I know there was a gap where I talked about videa gaymes because of timely E3 business, but these extended thoughts kept nagging at me.
There was another ‘con’ to the act of transcribing that I considered going into while sitting in Starbucks with mom, working on the first post. But I decided not to include it because the more I thought about it, the more the problem felt like one example of a larger, personal idiosyncrasy of mine.
The idea of being subjected to total silence as something potentially uncomfortable to endure.
Now, to preface this discussion with myself, I’d like to say that I don’t actually feel like I’m the only person on the planet who might just be uncomfortable with silence. If anything, I think it’s an inherent part of being as social a creature as humans are.
There are likely hundreds of scientific studies out there on the matter, covering things like our tendencies to fill dead air in a conversation by changing topics or inserting speech fillers like “um” or “ah.”
But I’m going to be looking at the subject from an entirely personal perspective. None of those silly “empirical tests” and whatnot to murk up my subjective torrent of words.
I’ve always been a rather introverted person growing up. Ironic for someone going into a field where they need to constantly talk to people, I know.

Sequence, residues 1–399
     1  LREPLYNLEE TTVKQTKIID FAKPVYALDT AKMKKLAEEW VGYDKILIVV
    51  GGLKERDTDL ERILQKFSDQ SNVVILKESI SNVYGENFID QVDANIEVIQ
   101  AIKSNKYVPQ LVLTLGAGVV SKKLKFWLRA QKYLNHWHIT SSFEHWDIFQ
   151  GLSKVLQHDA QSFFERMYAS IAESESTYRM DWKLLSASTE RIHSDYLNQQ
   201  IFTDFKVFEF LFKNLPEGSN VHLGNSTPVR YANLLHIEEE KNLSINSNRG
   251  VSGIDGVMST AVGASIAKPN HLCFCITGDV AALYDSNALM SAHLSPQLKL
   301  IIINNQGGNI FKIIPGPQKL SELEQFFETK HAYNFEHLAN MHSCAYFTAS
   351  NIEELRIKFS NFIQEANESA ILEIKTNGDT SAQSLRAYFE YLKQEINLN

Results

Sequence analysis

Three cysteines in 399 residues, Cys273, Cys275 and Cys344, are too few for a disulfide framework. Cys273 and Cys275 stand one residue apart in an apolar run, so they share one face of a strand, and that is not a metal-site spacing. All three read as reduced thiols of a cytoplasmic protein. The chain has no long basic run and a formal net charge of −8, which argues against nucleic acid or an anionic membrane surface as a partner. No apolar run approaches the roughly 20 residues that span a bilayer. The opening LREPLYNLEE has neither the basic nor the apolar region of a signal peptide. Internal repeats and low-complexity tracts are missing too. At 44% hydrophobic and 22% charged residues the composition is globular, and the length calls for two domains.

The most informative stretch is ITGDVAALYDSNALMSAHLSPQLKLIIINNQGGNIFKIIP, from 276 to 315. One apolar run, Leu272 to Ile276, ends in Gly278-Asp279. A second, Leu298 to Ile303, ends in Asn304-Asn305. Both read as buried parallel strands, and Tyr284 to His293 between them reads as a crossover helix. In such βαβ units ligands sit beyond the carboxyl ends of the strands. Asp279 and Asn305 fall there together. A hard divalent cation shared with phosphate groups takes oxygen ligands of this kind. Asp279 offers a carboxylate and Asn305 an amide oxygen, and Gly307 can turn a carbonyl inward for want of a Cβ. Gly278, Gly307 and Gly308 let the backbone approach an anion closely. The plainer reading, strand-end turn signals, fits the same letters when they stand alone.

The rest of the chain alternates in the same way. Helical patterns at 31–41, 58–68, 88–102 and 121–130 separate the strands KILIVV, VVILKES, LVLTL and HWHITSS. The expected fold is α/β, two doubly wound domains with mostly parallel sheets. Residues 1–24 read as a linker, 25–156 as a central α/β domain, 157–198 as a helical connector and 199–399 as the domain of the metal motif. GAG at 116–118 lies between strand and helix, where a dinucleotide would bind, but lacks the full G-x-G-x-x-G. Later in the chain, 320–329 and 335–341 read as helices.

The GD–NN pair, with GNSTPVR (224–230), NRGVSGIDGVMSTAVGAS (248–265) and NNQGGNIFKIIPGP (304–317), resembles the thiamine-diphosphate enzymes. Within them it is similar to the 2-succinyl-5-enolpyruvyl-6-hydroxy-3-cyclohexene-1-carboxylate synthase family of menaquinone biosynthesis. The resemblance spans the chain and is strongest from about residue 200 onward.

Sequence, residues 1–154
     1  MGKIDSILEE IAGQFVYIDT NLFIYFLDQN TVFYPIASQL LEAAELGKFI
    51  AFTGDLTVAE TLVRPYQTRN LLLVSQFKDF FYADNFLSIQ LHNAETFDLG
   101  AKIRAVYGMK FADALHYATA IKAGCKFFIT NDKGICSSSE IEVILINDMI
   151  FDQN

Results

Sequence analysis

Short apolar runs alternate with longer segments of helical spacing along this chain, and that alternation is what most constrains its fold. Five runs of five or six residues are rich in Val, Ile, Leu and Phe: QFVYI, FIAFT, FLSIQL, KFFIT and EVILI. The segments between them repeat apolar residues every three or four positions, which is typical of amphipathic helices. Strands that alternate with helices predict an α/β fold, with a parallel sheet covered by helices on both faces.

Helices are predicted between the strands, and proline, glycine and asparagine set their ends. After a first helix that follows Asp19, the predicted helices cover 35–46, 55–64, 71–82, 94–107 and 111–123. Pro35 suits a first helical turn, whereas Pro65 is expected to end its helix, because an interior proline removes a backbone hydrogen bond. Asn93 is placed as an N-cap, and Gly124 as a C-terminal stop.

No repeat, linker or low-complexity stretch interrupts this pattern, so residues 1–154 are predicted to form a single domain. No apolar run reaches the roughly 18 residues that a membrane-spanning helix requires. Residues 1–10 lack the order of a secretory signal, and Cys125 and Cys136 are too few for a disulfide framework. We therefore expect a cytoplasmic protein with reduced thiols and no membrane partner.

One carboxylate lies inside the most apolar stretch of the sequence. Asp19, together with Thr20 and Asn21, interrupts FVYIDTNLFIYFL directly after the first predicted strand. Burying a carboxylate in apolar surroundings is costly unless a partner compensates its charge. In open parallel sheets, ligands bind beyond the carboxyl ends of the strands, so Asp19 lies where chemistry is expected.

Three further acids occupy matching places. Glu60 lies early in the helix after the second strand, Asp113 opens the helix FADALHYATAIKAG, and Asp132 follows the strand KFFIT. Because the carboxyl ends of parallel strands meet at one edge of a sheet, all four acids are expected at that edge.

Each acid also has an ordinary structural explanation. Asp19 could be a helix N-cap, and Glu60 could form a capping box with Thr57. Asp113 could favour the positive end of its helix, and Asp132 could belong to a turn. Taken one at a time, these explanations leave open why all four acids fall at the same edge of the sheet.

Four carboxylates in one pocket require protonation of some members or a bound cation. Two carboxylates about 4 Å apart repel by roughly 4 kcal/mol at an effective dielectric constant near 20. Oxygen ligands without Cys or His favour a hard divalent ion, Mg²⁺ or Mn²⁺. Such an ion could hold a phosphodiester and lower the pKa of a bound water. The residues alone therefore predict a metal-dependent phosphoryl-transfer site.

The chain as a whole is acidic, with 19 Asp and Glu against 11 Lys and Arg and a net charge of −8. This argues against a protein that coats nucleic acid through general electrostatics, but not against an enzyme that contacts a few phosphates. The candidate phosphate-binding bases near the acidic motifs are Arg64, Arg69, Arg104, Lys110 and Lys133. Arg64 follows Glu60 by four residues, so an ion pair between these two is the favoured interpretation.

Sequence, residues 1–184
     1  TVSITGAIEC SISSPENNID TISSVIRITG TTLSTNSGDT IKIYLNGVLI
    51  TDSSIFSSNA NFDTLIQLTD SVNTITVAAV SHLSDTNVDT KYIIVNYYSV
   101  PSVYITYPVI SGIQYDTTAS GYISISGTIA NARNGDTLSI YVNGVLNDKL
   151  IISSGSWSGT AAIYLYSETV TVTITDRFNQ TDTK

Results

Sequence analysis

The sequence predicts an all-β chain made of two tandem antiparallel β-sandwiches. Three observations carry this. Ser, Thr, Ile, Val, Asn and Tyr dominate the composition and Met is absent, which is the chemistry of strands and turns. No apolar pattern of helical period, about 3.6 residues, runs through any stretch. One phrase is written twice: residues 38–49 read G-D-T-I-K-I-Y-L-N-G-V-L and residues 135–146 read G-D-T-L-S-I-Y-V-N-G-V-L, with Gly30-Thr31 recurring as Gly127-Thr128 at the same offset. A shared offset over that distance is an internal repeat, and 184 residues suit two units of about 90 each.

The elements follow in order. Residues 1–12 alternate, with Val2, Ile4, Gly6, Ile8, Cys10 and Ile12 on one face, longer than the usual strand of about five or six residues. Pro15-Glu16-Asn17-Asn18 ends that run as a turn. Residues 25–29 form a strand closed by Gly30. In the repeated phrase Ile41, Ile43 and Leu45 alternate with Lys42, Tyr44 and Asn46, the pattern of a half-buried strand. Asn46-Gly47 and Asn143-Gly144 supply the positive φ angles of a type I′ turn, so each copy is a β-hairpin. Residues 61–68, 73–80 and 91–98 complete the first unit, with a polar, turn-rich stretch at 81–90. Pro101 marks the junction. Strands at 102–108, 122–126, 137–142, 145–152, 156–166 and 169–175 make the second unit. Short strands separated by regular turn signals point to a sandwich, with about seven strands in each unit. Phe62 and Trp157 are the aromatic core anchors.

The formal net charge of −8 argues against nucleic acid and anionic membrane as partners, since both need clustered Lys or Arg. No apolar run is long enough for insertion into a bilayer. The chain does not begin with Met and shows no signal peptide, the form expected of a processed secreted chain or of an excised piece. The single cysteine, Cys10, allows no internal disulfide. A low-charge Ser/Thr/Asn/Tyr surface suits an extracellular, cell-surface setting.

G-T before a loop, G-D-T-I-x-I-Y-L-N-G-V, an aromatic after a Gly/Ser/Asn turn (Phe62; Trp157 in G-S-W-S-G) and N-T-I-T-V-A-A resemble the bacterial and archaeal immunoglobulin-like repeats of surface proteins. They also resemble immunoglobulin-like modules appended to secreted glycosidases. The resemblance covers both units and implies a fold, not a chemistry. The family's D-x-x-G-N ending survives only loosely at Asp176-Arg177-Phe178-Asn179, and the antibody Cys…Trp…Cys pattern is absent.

My passions have always leaned toward personal activities like reading, writing and video games rather than group activities like partying and sports. I had my groups to do things like play video games with of course, but you get the idea.
Because of that I’ve generally considered myself the kind of person who enjoys, if not thrives in more silent environments. Sitting sheltered off in my room to do work, for example, which has in the past led to my parents deeming it “the cave.”
Yet the more I reflect on my past, the more I’ve come to realize that perhaps it’s more the isolation in which I thrive, rather than the quiet. I say that because more often than not I’ve always tried to fill the silence with other noises even when I’m not with other people.
Video games themselves are the perfect embodiment of this. I’ve been playing them my whole life, and the songs and sound bites from a number of titles are just as iconic to me as some images, just as likely to help recall certain events or moments from my life.
As a quick example, I’ll never be able to disassociate the opening theme to Pokémon White 2 from the specific Target (right across the street from the South Bay Galleria) where I started to play the game for the first time after having put it down unfinished when it first came out.